A Gaussian distribution (as an approximation in large counts for Poisson counting statistics) of random values with width equal to *σ*_{sim} was generated using the randn function within MATLAB and added to the noiseless simulated intensities to produce the final simulated SAXS data. Examination of the simulated data reveals noise characteristics similar to the experimental standard and varying appropriately with concentration and resolution. We refer to this amount of added random noise as “standard noise”. To evaluate the reproducibility of our method in the presence of this realistic expected noise, 10 data sets with standard noise were generated and used as replicates for testing. An alternative minimal noise model was also employed in initial tests with ~1/1000 of the standard noise.

### Simulating scattering data from a self-associating monomer-trimer-hexamer system

The same procedure described above for the homotetramer was used to simulate SAXS data from a monomer-trimer-hexamer equilibrium using the hexameric Annexin XII from *Homo sapiens* (PDB id 1DM5) (32). Scattering intensities for the monomer (32 kDa), hypothetical trimer, and intact hexamer components were computed and combined into several simulated data sets to test the ability to detect oligomers present as only minor fractions. Several successive simulations were generated, with progressively larger values of the association constant *K*_{12} to simulate smaller fractions of monomer at the concentration where the monomer is most common (that is, the lowest concentration). Ten data sets with realistic standard noise were generated from each simulation as described above and used as replicates for testing.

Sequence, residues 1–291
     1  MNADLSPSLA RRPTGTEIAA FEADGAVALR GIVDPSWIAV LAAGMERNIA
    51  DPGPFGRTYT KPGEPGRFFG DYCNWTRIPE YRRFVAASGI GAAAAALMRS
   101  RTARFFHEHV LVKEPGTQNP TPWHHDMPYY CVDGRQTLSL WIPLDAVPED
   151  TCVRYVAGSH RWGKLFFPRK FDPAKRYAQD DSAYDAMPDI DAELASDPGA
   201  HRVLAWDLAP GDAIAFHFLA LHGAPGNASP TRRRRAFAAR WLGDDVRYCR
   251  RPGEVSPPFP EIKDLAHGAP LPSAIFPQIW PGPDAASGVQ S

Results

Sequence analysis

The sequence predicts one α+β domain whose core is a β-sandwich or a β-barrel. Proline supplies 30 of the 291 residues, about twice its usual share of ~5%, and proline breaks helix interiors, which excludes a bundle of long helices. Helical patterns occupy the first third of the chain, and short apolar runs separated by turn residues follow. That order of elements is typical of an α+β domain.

### Simulating scattering data from a self-associating monomer-tetramer-octamer system

The same procedure was used to simulate SAXS data from a monomer-tetramer-octamer equilibrium using the octameric purE protein from *E. coli* (PDB id 1QCZ) (33). Scattering intensities for the monomer (17 kDa), hypothetical tetramer, and intact octamer components were computed and combined using simulated association constants of *K*_{12} = 2.87 × 10^{12} M^{−3} and *K*_{23} = 1.29 × 10^{1} M^{−1}.

Tests of the required data/parameter ratio and of the robustness of our method to both random and systematic noise were conducted with this system. To test the robustness to random noise, random noise at several levels was added to the simulated data as described previously, except that the *σ*_{sim}(*q*) of Eq. 10 was multiplied by 1, 2, or 4 before the generation of random noise. Five data sets were generated for each level of noise and used as replicates for testing. To test the robustness to systematic noise (e.g., the presence of aggregates), we constructed a simulated aggregate of this protein by building a model with six purE octamers packed together as in the crystal structure. Although not truly replicating the scattering seen with randomly aggregated protein, adding this protein to each simulated concentration at 0.5%, 1.0%, and 2.0% of the total protein and then calculating the expected scattering provides the opportunity to obtain an initial view of how decomposition could be affected by the kinds of systematic noise often seen in real systems.